Delgado v. De Ona et al

Filing 64

ORDER granting 52 Unopposed Motion to Dismiss Negligence Count of Plaintiff's Amended Complaint for Lack of Jurisdiction. Signed by Magistrate Judge Andrea M. Simonton on 5/15/2012. (par)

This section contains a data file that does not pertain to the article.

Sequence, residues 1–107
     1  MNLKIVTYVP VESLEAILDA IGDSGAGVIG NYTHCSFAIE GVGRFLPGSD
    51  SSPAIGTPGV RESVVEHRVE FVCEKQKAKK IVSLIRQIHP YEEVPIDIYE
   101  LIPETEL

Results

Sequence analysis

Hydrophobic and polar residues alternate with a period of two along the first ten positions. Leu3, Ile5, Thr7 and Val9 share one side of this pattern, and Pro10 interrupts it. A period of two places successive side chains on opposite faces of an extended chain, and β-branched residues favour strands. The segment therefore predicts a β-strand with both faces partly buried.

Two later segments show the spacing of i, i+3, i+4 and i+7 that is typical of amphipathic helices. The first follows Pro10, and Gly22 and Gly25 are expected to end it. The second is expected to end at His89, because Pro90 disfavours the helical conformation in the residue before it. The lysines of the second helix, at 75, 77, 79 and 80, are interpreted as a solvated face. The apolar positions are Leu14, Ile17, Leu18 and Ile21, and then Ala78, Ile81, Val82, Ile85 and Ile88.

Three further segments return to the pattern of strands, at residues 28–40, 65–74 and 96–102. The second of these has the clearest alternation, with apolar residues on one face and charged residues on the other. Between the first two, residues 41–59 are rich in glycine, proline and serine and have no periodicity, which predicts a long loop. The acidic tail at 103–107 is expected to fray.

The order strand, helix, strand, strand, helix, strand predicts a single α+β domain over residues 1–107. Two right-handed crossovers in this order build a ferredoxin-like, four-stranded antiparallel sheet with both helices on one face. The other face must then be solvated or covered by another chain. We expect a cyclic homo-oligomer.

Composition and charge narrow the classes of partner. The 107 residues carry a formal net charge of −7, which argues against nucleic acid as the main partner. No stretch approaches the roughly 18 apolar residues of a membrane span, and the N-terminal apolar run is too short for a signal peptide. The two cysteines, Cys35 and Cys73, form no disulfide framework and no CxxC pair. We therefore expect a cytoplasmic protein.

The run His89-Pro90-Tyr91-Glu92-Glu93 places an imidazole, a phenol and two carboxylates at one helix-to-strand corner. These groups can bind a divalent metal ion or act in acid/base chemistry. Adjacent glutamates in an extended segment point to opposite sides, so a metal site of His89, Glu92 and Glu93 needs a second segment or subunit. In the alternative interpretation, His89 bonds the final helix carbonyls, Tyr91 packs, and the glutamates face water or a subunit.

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UNITED STATES DISTRICT COURT SOUTHERN DISTRICT OF FLORIDA CASE NO: 11-21143-CIV-SEITZ/SIMONTON CONSENT CASE ELVA CASIMRA CABRERA DELGADO, Plaintiff, v. LAURA GONZALEZ DE ONA and DIEGO R. SUAREZ, Defendants. / ORDER GRANTING UNOPPOSED MOTION TO DISMISS NEGLIGENCE COUNT OF PLAINTIFF’S AMENDED COMPLAINT FOR LACK OF JURISDICTION This matter is before the Court upon Plaintiff’s Motion to Dismiss Count II of the Complaint without Prejudice (DE # 52). The Defendant has not filed a response to the Motion and the time for doing so has elapsed. Pursuant to the consent of the Parties, the Honorable Patricia A. Seitz, United States District Judge, has referred this case to the undersigned United States Magistrate Judge for final disposition (DE # 23). I. BACKGROUND This action was initiated when Plaintiff Elva Casimra Cabrera Delgado (“Delgado”), a live-in housekeeper, filed a Complaint alleging violations of the Fair Labor Standards Act 29 U.S.C. § 201, et seq., (“FLSA”) against her former employers Laura Gonzalez de Ona and Diego R. Suarez (DE # 1). In the original Complaint, in addition to alleging a federal minimum wage violation, the Plaintiff also alleged one count of common law negligence related to a slip and fall accident that occurred on the Defendants’ property. 1 The federal minimum wage count (Count I) alleges that the Plaintiff worked an average of 73 hours for the Defendants between August 1, 2008 and April 1, 2011, for which she was paid below the minimum wage (DE # 8 at 3, 5). The Plaintiff seeks to recover the difference between the amounts paid by the Defendants and the applicable minimum wage. Jurisdiction for the federal minimum wage count is predicated upon federal question jurisdiction pursuant to 28 U.S.C. § 1331. The negligence count, on the other hand, avers that the Plaintiff slipped and fell on the Defendants’ property due to the unreasonably unsafe condition of the tile floor (DE # 8 at 6-8). In that count, the Plaintiff seeks to recover for injuries and medical bills related to the fall. Jurisdiction for the negligence count is predicated upon the Court’s supplemental jurisdiction under 28 U.S.C. § 1367. In the instant Motion, the Plaintiff seeks to have the negligence count dismissed from this action without prejudice.1 Plaintiff asserts that the Court’s exercise of supplemental jurisdiction over the negligence claim is not appropriate because the negligence action does not arise from the same case or controversy as the minimum wage claim. Specifically, the Plaintiff contends that the state negligence cause of action requires completely different elements of proof and involves different standards of liability than the minimum wage claim. In addition, the Plaintiff contends that because there were no witnesses to the Plaintiff’s fall, there will be no overlap of fact witnesses 1 In the Motion to Dismiss, the Plaintiff refers to Count II of the Complaint as alleging negligence. However, on May 9, 2011, the Plaintiff filed an Amended Complaint wherein the Plaintiff added an additional Count to the action for alleged violations of the Florida Minimum Wage law, Fla. Stat. § 448.110 (DE # 8). The Florida Minimum Wage claims were designated as Count II. Thus, it is Count III, not Count II, that alleges negligence in the Amended Complaint and the Court therefore treats the Plaintiff’s Motion as seeking to dismiss that count. 2 at trial, other than the Plaintiff. Further, the Plaintiff contends that the negligence claim, unlike the minimum wage claim, will require the testimony of engineering experts at trial. Plaintiff therefore argues that the actions do not arise from a common case or controversy as required by 28 U.S.C. § 1367(a), the statute which sets forth the Court’s authority for exercising supplemental jurisdiction. As such, the Plaintiff contends that the state negligence count must be dismissed without prejudice. As stated above, the Defendants have not filed a response to the Plaintiff’s Motion and thus have not contested any of the factual or legal assertions advanced by the Plaintiff. II. LAW & ANALYSIS Title 28 U.S.C. § 1367, entitled “Supplemental jurisdiction”, provides in relevant part, “. . . in any civil action of which the district courts have original jurisdiction, the district courts shall have supplemental jurisdiction over all other claims that are so related to claims in the action within such original jurisdiction that they form part of the same case or controversy under Article III of the United States Constitution.” 28 U.S.C. § 1367 (a). The Eleventh Circuit has noted that the constitutional “case or controversy” standard confers supplemental jurisdiction over all state claims which arise out of a common nucleus of operative fact with a substantial federal claim. Parker v. Scrap Metal Processors, Inc., 468 F. 3d 733, 742-43 (11th Cir. 2006) citing United Mine Workers of America v. Gibbs, 383 U.S. 715, 725 (1966). Based upon a thorough review of the record, including the Plaintiff’s arguments and the applicable case law, the undersigned concludes that the negligence claim (Count III) asserted in the Plaintiff’s Amended Complaint must be dismissed for lack of subject matter jurisdiction. The federal minimum wage claim and the negligence claim 3 do not arise out of a “common nucleus of operative fact” and thus fail to satisfy the constitutional case or controversy standard enunciated in § 1367. Rather, the claims involve different factual predicates, will require the presentation of different types of evidence at trial, and will involve testimony from different witnesses. In addition, because the Plaintiff contends that the personal injury incident did not occur while the Plaintiff was working but when she was in her own apartment, separate from the Defendants’ home, the incidents that give rise to the actions did not even occur at the same location. In this regard, this case is akin to Garcia v. Florida Roofing Solutions, Inc., 2007 WL 3343007 *1 (S.D. Fla. 2009), wherein the Court dismissed a personal injury count from an FLSA action finding that, although the plaintiff was injured while on the job, the personal injury claim had nothing, factually, to do with proof of an FLSA violation. Id. Accord Carvalho v. Door-Pak, Inc., 565 F. Supp 2d 1340 (S.D. Fla. 2008) (finding same related to counterclaim for tortuous interference raised in FLSA action). Simply put, the negligence action and the minimum wage violation actions do not arise from the same case and controversy and thus do not fall within the Supplemental jurisdiction parameters of 28 U.S.C. § 1367 (a). As such, the Court lacks jurisdiction over the negligence action, and Count III of the Plaintiff’s Amended Complaint must be dismissed. As the Defendants have failed to properly lodge an objection to the Plaintiff’s request for the negligence count to be dismissed without prejudice, the Court dismisses that Count without prejudice as requested by the Plaintiff. III. CONCLUSION It is therefore ORDERED AND ADJUDGED that Plaintiff’s Motion to Dismiss Count II of the 4 Plaintiff’s Amended Complaint for lack of jurisdiction (DE # 52), is granted to the extent that it seeks to dismiss the negligence count of the Plaintiff’s action. The Plaintiff may proceed on Counts I and II of the Amended Complaint (DE # 8) which allege violations of the Fair Labor Standards Act (Count I) and the Florida Minimum Wage act (Count II). Count III of the Amended Complaint alleging negligence is dismissed without prejudice for lack of jurisdiction. DONE AND ORDERED at Miami, Florida, on May 15, 2012. ANDREA M. SIMONTON UNITED STATES MAGISTRATE JUDGE Copies furnished to: All counsel of record 5